David Stockman, White House budget director under President Reagan, has been warning for some time that central banks' massive easing programs will end in catastrophe for the global financial system.
And he's not backing down from those views now.
"The worldwide central bank money printing spree of the last two decades has generated massive excess capacity and mal-investment all around the planet," Stockman writes on his blog.
The Federal Reserve has kept its federal funds rate target at a record low of zero to 0.25 percent since December 2008 and inflated its balance sheet to $4.5 trillion through quantitative easing.
"What is coming, therefore, is not their father’s inflationary spiral, but an unprecedented and epochal global deflation," Stockman states. In the United States, consumer prices were unchanged in the 12 months through February.
"So the central banks just keep printing, thereby inflating the asset bubbles worldwide. What ultimately stops today’s new style central bank credit cycle, therefore, is bursting financial bubbles," he says.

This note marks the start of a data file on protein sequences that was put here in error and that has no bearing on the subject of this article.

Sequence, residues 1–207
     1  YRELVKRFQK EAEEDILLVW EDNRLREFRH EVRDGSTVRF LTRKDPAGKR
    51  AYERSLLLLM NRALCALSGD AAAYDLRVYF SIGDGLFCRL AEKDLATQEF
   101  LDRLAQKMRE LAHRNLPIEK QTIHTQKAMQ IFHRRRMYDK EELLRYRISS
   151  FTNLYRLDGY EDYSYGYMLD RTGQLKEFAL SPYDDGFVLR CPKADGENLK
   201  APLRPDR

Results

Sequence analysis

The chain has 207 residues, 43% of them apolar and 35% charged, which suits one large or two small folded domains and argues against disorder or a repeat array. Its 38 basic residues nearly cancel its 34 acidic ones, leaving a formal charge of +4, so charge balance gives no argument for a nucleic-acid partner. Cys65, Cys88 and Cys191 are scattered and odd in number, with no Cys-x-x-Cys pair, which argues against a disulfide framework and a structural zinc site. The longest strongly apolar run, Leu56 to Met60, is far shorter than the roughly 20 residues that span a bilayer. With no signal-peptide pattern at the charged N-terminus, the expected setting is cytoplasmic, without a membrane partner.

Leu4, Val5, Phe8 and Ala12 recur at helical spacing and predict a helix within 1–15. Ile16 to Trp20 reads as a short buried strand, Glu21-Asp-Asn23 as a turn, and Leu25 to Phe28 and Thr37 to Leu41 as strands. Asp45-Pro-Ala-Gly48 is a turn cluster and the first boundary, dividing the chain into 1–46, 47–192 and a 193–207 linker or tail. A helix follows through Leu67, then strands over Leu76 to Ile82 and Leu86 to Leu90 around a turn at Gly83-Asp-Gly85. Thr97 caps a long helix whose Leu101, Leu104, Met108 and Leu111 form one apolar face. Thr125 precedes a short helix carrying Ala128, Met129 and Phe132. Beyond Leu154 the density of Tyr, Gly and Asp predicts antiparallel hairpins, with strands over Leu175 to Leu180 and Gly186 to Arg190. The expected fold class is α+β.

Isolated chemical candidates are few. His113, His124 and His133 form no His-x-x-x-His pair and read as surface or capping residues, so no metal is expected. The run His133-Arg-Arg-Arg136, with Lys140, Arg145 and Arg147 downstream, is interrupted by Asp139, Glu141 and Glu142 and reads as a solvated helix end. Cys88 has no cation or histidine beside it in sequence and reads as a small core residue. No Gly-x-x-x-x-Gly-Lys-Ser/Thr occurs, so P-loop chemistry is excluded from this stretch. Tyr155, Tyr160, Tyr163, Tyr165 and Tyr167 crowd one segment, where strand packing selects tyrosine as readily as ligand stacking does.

"That has already happened twice this century. A third proof of the case looks to be just around the corner."
As for U.S. asset markets, the S&P 500 index has tripled from its March 2009 low, and the 30-year Treasury yield hit a record low in January.
Meanwhile, Mohamed El-Erian, chief economic adviser at Allianz, says financial markets have grown addicted to central bank easing, and that addiction could cause a heap of trouble when central banks tighten the credit spigot.
"The market is in love with the central bank trade because it has paid off," he told CNBC.
But now the Fed has begun to reduce its stimulus. Many economists expect it will begin raising interest rates in September.
"It reminds me a little bit of 2007 and 2008," when investors tried to discern when the turn would come away from easy credit conditions, El-Erian said. "I'm not so confident that I will see the turn coming, and turns tend to happen quite quickly."
In 2008, of course, the global financial system suffered its worst crisis since the 1930s.
El-Erian criticized the Fed for its cautious approach on raising rates. "They should be a little bit less timid and realize the main risk to the economy comes from mounting financial imbalances that could threaten instability down the road."
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